The Immigration Bill received Royal Assent on 14 May 2014 and the provisions relating to letting of private property are gradually being introduced. From 1 December this year private landlords will be required to check the immigration status of tenants both before they rent, and on an ongoing basis. A trial of the checking system will begin in areas of Birmingham, Wolverhampton, Dudley, Walsall and Sandwell with the rest of the country likely to follow in 2015.
Most residential tenancies will be caught by the Act, but it will not apply to student accommodation, leases over seven years in length, social housing or rental agreements entered into before the Act came into force or which are subsequently renewed, as long as there is no break in occupation. These requirements will place increased burdens on landlords with the failure to comply leading to potential fines. Both current and new landlords should understand the requirements and plan how to comply with them when entering into new tenancy arrangements.
The measures sit alongside the government’s wish to crack down on landlords who provide substandard or illegal accommodation to tenants. Landlords who fail to comply with the checking requirements under the Act will be faced with fines of up to £3,000 for repeat offending, with no right of appeal. The Home Office’s draft Code of Practice on Civil Penalties for landlords and their agents provides useful guidance.
The obligation is on landlords to review tenant documentation to determine whether a tenant has a ‘right to rent’. Follow up checks will also be required, especially if the tenant’s right to remain in the UK is time limited. Landlords must report to the Home Office if their checks show that an individual does not have a right to rent. If unsure, landlords will have the right to request a rent check through the Home Office Landlord’s Checking Service, which is intended to respond to the request within 48 hours. A landlord will then have a statutory defence for the first 12 months against a penalty under the Act if they receive the green light from the Home Office. If the Checking Service replies saying the landlord cannot let the property to the proposed tenant, the landlord will need to file a report with the Home Office, failing which a fine may be imposed.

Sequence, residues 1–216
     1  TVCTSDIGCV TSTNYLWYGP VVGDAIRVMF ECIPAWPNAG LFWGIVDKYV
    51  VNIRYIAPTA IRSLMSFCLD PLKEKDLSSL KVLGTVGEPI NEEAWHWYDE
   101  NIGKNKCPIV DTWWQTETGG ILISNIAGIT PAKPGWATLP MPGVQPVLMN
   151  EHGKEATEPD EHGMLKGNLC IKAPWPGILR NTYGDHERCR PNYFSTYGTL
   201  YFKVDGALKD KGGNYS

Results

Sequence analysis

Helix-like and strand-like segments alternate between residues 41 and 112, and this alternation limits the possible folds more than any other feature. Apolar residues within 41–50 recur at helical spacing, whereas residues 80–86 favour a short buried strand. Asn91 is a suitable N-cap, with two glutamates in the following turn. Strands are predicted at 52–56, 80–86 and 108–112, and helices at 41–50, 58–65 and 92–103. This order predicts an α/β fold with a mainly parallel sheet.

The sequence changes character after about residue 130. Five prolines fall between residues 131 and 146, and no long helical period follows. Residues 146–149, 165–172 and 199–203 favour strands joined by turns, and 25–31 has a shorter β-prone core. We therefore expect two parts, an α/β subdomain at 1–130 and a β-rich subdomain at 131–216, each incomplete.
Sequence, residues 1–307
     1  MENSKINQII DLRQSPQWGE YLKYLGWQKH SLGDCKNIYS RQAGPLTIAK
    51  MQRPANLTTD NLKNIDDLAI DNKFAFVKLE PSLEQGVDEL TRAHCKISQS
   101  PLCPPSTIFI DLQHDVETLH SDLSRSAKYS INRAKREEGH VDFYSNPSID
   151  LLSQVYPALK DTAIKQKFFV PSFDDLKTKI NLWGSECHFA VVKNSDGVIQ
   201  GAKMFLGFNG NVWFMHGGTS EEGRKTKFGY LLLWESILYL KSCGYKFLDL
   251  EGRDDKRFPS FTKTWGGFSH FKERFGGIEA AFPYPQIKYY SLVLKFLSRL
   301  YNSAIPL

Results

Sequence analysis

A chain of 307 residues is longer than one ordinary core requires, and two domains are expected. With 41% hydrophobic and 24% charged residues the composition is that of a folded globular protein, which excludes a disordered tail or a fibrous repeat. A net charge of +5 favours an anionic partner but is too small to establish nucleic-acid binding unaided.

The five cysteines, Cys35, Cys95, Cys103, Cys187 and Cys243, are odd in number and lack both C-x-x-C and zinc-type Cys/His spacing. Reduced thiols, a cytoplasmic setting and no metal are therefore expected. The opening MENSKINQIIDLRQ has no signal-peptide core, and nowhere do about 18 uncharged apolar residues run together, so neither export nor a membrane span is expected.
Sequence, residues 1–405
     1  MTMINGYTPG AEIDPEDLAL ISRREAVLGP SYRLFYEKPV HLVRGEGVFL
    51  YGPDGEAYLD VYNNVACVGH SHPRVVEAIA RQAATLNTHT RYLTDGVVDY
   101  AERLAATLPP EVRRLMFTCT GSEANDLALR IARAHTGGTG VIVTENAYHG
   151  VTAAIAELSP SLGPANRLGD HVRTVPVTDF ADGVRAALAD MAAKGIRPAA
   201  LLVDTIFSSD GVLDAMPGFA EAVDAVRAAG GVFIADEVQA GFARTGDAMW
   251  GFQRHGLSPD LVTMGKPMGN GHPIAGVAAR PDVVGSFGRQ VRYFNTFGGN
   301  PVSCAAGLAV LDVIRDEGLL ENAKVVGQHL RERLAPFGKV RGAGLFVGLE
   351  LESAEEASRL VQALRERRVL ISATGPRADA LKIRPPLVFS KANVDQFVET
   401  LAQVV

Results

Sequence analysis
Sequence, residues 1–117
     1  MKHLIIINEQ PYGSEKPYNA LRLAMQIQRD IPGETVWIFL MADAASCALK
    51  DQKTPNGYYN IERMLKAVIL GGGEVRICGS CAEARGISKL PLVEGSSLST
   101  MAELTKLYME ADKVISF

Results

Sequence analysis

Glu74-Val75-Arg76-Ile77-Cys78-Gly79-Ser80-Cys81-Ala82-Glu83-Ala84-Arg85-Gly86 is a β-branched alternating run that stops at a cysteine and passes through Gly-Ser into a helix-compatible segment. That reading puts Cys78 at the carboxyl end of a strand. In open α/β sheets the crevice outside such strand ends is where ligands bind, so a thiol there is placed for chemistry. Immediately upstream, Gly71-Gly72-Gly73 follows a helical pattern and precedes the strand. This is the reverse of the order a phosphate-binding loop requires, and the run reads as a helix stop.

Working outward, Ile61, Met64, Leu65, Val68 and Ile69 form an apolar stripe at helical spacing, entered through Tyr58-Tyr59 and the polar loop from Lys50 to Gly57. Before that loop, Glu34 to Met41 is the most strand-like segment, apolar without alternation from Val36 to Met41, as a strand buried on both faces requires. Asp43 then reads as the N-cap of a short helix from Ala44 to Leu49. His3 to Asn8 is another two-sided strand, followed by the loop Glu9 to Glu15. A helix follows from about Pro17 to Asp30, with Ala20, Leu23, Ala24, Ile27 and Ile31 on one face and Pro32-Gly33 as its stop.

Responsibility can be transferred by agreement to, for example, the managing agent so the terms of any agency agreements landlords may have should be reviewed to ensure the agent will comply with the landlord’s’ responsibilities under the Act. It is likely that agents will charge for this service.
Those with a ‘right to rent’ include British citizens, nationals of an EEA State, Swiss nationals and those with leave to enter and remain in the UK (provided the leave does not expressly prohibit renting UK property).
Although Immigration and Security Minister James Brokenshire has announced that the right to rent checks will be ‘quick and simple’, the Royal Institution of Chartered Surveyors has raised concerns over the burden to be placed on landlords in policing immigration and the way in which the measures will be implemented. The Institution has made clear it feels the checking mechanism could involve unnecessary red tape and potentially unintended consequences. Although systems will no doubt evolve to deal with the increased bureaucracy, some growing pains should be expected.
The Home Office has suggested that landlords may end up benefiting from lower losses of rental income because of more stringent checks, but the administration involved may be quite demanding. Landlords will be required to do checks each year throughout the term of the tenancy, and to store information obtained from tenants, which will need to comply with the Data Protection Act. Some concerns have been raised that this could lead to discriminatory practices in favour of British citizens as well as higher costs for landlords.
Although it seems likely the Act will not be rolled out nationwide until after the general election next year, current and potential landlords should start to think about how they will comply with the Act’s requirements. If a landlord uses a managing agent, the terms of the agency agreement should be reviewed to ensure the agent will comply with the landlord’s’ responsibilities under the Act. This may also mean an increase in agent’s fees.
It remains to be seen how the reforms will be implemented in practice. Standard systems will likely evolve to deal with the requirements under the Act, but landlords should start thinking about how to manage the transition now, be alive to the ongoing responsibilities it will impose, and be aware of the additional costs they may incur.